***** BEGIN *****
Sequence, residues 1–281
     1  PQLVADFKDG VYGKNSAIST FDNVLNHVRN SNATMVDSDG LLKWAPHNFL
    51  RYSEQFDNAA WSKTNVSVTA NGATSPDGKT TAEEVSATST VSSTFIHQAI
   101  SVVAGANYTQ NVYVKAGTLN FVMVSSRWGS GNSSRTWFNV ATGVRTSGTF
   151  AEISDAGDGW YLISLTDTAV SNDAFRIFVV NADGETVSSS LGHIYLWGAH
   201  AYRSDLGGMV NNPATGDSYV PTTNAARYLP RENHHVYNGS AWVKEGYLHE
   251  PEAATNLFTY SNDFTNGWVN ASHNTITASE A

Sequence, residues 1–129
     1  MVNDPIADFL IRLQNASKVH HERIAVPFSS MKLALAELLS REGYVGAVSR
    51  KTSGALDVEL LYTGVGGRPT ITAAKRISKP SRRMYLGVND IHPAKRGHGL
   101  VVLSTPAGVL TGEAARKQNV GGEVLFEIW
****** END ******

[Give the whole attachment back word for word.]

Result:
Sequence, residues 1–281
     1  PQLVADFKDG VYGKNSAIST FDNVLNHVRN SNATMVDSDG LLKWAPHNFL
    51  RYSEQFDNAA WSKTNVSVTA NGATSPDGKT TAEEVSATST VSSTFIHQAI
   101  SVVAGANYTQ NVYVKAGTLN FVMVSSRWGS GNSSRTWFNV ATGVRTSGTF
   151  AEISDAGDGW YLISLTDTAV SNDAFRIFVV NADGETVSSS LGHIYLWGAH
   201  AYRSDLGGMV NNPATGDSYV PTTNAARYLP RENHHVYNGS AWVKEGYLHE
   251  PEAATNLFTY SNDFTNGWVN ASHNTITASE A

Sequence, residues 1–129
     1  MVNDPIADFL IRLQNASKVH HERIAVPFSS MKLALAELLS REGYVGAVSR
    51  KTSGALDVEL LYTGVGGRPT ITAAKRISKP SRRMYLGVND IHPAKRGHGL
   101  VVLSTPAGVL TGEAARKQNV GGEVLFEIW